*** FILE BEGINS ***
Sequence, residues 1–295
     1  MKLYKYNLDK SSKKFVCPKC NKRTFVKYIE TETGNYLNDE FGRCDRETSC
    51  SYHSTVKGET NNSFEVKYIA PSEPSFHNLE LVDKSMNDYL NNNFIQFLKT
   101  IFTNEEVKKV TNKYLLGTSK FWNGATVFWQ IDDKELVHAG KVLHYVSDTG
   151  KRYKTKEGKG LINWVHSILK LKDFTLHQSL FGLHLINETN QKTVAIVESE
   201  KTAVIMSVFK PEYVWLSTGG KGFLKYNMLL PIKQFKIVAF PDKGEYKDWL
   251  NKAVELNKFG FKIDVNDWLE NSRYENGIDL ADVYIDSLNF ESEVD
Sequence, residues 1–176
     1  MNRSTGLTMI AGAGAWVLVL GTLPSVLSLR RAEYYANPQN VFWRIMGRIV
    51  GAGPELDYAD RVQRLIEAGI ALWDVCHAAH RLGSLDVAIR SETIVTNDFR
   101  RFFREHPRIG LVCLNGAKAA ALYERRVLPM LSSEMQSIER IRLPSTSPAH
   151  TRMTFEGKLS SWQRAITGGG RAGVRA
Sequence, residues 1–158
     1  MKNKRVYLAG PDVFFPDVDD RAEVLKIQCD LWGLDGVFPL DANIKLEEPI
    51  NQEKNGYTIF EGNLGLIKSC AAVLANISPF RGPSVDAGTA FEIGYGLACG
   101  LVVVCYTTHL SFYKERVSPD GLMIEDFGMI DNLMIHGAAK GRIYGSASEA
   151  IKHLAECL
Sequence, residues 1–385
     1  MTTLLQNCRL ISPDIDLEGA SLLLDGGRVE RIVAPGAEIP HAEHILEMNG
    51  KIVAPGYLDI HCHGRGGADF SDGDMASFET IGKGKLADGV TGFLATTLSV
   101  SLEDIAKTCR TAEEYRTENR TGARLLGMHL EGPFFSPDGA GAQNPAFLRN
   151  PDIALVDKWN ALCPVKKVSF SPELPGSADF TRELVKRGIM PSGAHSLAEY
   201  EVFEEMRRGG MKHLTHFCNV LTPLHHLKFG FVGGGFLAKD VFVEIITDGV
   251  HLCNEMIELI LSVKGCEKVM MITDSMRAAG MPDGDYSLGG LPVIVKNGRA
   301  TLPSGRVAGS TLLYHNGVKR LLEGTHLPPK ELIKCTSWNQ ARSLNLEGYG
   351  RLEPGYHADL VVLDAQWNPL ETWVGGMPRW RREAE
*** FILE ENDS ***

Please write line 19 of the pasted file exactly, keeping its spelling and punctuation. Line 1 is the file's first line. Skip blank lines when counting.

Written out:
     1  MTTLLQNCRL ISPDIDLEGA SLLLDGGRVE RIVAPGAEIP HAEHILEMNG